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DineEquity is ready to pull the trigger on an acquisition, but there's a problem with the current crop of fast casual restaurants, its CEO said Tuesday.
"There is a lot of fast casual in America—a lot of sameness," Julia Stewart said in an interview. Low volume is another problem plaguing many small fast casuals, she said.
"Maybe it's a needle in a haystack, I don't know, but we continue to look," Stewart said. "You really want to stand out with what you buy."
The ideal restaurant purchase would be small, unique, profitable and tested in multiple markets already. It would join DineEquity's two flagship brands: family dining chain IHOP and casual dining restaurant Applebee's.
"Most likely, it would be fast casual or fast food," she said. "We're not going to go anywhere near another concept in casual or family."
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Fast casual restaurants offer customers a faster experience than full-service dining along with more premium ingredients than fast food. The segment, which includes brands like Chipotle Mexican Grill and Panera Bread, has been a growth driver for the overall restaurant space.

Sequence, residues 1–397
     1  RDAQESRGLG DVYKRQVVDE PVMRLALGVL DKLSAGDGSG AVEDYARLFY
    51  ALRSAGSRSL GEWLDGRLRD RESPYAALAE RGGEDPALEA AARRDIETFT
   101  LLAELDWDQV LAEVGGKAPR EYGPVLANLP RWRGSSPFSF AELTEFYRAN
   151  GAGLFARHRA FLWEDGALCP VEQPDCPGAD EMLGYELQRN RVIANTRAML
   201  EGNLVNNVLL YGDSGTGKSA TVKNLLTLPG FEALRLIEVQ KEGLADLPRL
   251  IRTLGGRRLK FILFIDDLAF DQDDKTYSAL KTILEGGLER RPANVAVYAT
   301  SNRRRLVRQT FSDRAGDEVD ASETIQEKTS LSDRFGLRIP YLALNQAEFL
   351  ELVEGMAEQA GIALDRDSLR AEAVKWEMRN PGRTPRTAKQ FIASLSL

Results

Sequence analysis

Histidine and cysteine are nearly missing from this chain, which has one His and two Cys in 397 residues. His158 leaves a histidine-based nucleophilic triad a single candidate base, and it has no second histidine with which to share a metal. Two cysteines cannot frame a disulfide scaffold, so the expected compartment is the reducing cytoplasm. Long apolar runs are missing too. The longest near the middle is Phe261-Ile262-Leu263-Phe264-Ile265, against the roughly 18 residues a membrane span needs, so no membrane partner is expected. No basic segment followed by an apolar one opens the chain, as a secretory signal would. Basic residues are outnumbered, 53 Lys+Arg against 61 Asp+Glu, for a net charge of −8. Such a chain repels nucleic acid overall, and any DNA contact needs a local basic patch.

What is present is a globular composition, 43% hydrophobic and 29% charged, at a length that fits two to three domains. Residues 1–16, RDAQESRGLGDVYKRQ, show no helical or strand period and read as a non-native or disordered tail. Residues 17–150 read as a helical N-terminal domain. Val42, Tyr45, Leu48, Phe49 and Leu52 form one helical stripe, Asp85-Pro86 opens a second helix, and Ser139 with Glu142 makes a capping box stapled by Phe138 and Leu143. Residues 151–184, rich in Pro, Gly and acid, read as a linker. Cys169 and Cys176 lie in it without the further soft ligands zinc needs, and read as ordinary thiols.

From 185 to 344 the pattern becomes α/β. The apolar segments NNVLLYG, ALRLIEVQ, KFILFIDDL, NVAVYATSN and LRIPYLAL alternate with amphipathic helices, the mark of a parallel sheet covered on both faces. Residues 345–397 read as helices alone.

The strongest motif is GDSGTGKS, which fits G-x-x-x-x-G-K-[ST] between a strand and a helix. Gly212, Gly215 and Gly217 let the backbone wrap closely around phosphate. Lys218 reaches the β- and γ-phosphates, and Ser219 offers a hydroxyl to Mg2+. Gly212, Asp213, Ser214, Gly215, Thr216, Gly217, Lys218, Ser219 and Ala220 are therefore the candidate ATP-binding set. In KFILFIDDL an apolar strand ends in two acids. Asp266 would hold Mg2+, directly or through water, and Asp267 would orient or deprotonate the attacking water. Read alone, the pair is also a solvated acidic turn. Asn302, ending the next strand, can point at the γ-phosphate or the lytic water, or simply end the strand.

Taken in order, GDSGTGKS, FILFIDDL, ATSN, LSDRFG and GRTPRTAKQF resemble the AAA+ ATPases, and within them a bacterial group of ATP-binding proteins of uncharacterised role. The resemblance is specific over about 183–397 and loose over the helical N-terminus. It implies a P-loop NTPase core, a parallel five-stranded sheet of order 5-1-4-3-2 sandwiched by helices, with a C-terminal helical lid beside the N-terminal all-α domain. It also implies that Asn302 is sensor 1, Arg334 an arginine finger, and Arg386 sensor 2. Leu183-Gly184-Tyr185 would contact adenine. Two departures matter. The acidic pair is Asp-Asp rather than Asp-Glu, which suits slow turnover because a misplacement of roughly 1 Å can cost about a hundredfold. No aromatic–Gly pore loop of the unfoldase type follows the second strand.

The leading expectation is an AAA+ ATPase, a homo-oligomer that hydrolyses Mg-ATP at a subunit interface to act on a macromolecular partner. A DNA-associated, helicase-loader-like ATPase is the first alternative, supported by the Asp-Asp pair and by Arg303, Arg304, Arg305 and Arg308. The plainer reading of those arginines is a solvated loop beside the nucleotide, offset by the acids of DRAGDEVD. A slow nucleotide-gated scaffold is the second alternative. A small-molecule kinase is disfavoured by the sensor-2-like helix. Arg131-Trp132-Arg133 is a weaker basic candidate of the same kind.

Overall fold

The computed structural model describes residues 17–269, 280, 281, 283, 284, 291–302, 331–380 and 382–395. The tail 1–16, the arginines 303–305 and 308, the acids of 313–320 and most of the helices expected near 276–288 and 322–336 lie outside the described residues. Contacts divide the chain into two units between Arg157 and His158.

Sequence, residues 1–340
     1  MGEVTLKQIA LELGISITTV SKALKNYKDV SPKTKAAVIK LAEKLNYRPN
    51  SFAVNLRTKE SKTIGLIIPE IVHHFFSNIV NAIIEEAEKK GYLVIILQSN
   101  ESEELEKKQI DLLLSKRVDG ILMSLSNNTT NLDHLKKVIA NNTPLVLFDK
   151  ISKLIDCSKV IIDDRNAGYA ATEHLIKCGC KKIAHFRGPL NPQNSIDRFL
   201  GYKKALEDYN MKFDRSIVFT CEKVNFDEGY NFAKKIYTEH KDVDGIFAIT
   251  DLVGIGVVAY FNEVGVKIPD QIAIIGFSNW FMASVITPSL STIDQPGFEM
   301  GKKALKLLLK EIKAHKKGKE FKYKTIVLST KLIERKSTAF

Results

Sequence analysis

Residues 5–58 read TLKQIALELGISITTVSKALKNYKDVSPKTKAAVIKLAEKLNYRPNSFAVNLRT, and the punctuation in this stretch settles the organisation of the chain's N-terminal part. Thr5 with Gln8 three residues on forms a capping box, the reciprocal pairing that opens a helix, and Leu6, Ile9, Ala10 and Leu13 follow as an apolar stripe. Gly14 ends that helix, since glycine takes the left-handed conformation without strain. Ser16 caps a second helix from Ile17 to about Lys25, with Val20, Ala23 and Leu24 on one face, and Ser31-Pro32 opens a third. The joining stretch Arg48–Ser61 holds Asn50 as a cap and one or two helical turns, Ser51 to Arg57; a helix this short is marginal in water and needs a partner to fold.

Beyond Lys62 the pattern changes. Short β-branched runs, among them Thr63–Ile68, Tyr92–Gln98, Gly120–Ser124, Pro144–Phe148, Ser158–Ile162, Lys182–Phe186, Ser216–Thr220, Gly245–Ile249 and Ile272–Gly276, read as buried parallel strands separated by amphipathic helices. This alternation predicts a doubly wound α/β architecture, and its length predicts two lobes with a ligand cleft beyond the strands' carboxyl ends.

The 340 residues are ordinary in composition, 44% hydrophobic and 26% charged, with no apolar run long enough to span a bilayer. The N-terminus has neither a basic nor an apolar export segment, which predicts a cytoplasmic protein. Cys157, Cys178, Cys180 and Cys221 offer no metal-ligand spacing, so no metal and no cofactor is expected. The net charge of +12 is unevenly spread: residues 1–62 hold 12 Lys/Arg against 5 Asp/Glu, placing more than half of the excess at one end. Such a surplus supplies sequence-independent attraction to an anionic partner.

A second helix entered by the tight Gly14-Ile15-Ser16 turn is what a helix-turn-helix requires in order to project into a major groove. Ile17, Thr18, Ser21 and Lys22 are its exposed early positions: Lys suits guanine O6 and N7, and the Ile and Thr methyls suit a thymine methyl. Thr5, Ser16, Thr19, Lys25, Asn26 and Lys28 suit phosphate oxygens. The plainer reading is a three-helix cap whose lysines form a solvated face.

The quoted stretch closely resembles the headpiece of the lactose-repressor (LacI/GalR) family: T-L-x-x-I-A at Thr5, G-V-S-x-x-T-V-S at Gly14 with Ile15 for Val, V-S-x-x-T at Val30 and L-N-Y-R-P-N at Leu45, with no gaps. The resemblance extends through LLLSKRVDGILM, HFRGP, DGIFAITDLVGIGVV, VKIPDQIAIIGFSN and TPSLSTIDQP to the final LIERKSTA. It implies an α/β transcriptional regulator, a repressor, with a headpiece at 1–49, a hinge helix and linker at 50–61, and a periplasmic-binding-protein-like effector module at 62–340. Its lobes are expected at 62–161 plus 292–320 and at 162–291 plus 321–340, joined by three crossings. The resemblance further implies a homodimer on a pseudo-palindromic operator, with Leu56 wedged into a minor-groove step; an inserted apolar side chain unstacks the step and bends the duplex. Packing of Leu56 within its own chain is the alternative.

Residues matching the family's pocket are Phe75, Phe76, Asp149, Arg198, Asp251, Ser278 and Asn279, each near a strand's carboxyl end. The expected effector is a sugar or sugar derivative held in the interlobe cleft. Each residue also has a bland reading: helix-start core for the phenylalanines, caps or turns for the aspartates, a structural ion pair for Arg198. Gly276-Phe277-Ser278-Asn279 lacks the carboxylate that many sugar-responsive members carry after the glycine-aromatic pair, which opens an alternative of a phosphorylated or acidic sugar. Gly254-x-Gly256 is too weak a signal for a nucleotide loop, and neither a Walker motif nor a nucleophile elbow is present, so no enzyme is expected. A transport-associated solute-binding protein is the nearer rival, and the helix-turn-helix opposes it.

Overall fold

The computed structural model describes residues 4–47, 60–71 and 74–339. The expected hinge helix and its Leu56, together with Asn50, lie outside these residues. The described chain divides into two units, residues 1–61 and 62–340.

Restaurants giants, like DineEquity, frequently either buy or develop new concepts to develop additional growth pipelines or test out ideas for their larger chains.
"Oftentimes when you are looking at the industry and recognize you're in a more mature segment, the opportunity for growth isn't necessarily as strong there," said Darren Tristano, an executive vice president at Technomic, in a phone interview.
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Full service, which includes brands like IHOP and Applebee's, is one such example of a mature segment, he added.
Even as DineEquity continues to hunt for a small purchase, investors should not expect a deal anytime soon.
"There are a variety of things we're looking at—nothing that's imminent, nothing's that surfaced to the top," Stewart said.